Cancer cells generally exhibit few characteristics such as high proliferation, migration, and matrix-invasion potentials [17, 18]. Inhibition of tumor growth is one of the therapeutic targets in the development of anticancer agents. The regulation of tumor cell growth and the induction of cell death are the 2 major ways to inhibit tumor growth [19]. The present study evaluated whether GSC BuOH extracts had anti-proliferative activities against HT-29 cells. Although GSC BuOH, GS, and CM BuOH extracts exhibited anti-proliferative activity against HT-29 cells, GSC BuOH extracts showed anti-proliferative activity with the lowest IC50 (100 μg/mL) value. Severely distorted HT-29 cells and loss of colony formation ability were observed after GSC BuOH treatment. We analyzed the changes in HT-29 cell cycle progression after GSC BuOH treatment by flow cytometry. Cellular proliferation is controlled by various genetically defined checkpoints, which ensure the progression of cells through the various stages of the cell cycle [20]. In cancer cells, cell cycle checkpoint control systems are known to be disrupted through the accumulation of mutations [21]. In the G2/M phase, damaged cells have the opportunity to repair DNA or permanently arrest cell growth if the degree of damage is severe [22]. Several anticancer agents arrest the cell cycle in G2/M phase, and then induce apoptosis and necrosis, resulting in cell death [23, 24]. In general, the G2/M transition is regulated by a complex of cell-division cyclins, namely, Cdc2 and a B-type cyclin [22]. The protein tyrosine phosphatase, Cdc25c, plays the role of a mitotic activator by dephosphorylating Cdc2/p34, which forms the Cdc2/cyclin B1 complexes that permit cells to enter into mitosis [25]. Many studies showed that Cdc2/p34 kinase activity was enhanced in some human cancer cells because of their genetic and epigenetic alterations [22]. Therefore, we investigated whether the expressions of the molecules involved in G2/M transition in HT-29 cells were altered after GSC BuOH extract treatment. We found that GSC treatment resulted in downregulation of Cdc25c and cyclin B1 expression in HT-29 colon cancer cells. The results of the present study indicated that GSC caused G2/M-phase cell cycle arrest along with a decrease in the levels of cyclin B1 and Cdc25c, which are involved in cell cycle progression from the G2/M phase. In addition, the identification of such compounds will improve our understanding of the anti-proliferative activities of GSC. Further experiments need to be done to clarify the anti-proliferative mechanisms of these identified compounds.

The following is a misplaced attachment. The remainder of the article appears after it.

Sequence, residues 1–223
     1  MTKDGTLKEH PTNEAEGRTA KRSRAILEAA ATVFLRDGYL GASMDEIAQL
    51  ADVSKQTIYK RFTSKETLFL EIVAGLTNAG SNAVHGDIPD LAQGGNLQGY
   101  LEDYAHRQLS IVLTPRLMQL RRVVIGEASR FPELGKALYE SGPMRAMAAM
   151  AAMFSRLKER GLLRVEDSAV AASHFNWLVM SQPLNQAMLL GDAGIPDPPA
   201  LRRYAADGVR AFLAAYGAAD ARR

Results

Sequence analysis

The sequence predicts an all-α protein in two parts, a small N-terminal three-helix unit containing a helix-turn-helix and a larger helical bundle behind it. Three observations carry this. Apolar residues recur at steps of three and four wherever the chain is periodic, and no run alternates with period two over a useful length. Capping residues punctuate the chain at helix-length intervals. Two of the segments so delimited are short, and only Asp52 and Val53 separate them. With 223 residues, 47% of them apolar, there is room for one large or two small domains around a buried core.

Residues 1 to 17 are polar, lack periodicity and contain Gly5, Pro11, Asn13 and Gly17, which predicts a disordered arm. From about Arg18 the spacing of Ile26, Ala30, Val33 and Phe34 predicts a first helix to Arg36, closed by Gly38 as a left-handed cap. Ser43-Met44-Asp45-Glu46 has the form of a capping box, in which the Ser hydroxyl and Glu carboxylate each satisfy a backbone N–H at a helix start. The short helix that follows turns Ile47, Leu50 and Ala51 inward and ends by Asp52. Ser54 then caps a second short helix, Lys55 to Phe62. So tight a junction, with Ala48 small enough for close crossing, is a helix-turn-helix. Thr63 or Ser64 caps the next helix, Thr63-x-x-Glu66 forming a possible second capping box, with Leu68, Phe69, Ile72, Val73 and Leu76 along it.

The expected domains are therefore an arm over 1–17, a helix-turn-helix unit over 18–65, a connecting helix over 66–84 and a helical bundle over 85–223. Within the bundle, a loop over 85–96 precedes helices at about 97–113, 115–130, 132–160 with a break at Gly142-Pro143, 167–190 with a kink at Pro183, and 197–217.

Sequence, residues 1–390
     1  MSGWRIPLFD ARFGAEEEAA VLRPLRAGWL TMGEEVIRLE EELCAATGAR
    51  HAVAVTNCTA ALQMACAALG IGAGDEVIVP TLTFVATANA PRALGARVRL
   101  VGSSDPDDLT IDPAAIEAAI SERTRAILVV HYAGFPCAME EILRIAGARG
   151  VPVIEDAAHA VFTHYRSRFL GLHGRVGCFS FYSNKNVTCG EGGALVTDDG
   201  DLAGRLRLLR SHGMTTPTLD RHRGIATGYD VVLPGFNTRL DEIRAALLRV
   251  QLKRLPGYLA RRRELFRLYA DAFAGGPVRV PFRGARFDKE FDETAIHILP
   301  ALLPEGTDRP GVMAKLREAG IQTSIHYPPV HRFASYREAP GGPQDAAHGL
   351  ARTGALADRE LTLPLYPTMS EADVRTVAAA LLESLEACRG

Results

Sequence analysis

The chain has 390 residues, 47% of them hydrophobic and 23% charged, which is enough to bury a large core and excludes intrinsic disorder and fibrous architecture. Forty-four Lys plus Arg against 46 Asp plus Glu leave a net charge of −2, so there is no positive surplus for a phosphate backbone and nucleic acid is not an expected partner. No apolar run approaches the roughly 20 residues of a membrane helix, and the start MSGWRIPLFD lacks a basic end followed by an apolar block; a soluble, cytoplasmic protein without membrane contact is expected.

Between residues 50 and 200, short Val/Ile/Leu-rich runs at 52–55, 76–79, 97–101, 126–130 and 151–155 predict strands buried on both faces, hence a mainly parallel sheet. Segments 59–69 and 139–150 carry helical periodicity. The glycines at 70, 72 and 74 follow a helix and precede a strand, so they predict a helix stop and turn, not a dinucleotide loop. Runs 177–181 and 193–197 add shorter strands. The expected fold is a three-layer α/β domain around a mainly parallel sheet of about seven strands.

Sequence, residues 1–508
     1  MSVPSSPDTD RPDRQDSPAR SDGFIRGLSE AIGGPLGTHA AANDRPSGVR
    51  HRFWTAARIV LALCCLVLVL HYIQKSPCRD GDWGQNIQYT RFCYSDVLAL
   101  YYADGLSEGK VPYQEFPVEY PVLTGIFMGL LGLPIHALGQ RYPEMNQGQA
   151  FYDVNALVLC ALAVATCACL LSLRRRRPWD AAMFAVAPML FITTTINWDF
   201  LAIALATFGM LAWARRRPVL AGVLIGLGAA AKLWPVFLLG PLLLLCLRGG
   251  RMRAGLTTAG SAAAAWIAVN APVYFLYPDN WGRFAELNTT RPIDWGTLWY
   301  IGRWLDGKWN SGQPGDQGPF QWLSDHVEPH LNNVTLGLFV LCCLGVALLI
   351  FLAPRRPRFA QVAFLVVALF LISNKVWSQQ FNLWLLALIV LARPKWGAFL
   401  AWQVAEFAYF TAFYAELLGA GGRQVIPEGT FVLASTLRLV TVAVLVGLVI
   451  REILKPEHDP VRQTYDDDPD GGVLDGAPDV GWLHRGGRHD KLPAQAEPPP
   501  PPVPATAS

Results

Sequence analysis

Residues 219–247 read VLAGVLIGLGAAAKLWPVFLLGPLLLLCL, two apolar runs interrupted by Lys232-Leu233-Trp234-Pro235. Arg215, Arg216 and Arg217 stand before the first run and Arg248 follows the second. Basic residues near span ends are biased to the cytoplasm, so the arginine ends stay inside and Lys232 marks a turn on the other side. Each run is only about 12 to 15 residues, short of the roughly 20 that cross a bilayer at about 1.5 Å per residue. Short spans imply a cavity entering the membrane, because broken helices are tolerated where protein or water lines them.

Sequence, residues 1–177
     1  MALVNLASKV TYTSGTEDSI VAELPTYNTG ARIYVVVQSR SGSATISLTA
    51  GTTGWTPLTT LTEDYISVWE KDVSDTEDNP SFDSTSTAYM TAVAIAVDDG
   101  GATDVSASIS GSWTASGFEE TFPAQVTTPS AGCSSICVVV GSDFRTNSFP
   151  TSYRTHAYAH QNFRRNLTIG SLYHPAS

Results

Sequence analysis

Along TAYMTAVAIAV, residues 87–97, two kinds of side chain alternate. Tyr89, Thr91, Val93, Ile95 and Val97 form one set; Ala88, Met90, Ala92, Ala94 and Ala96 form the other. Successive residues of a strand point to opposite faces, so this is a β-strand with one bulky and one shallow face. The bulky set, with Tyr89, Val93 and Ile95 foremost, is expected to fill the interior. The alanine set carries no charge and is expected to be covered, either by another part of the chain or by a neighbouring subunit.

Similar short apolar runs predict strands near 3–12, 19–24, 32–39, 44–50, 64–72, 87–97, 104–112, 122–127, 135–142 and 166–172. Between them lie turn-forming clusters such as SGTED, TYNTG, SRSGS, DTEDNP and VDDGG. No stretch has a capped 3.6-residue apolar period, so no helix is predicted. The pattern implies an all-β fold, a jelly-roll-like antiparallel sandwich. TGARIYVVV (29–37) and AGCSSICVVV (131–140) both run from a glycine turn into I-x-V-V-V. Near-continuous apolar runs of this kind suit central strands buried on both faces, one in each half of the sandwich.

5. Conclusion

In conclusion, GSC BuOH extracts might act as an effective anti-proliferative agent by inducing G2/M cell cycle arrest in colon cancer cells.

Conflict of Interests

The authors declare that there is no conflict of interests.

Authors’ Contributions

M. L Mollah and D. K. Park contributed equally to this paper.

Acknowledgments

This paper was supported by the SMART Research Professor Program of Konkuk University, Seoul, Republic of Korea.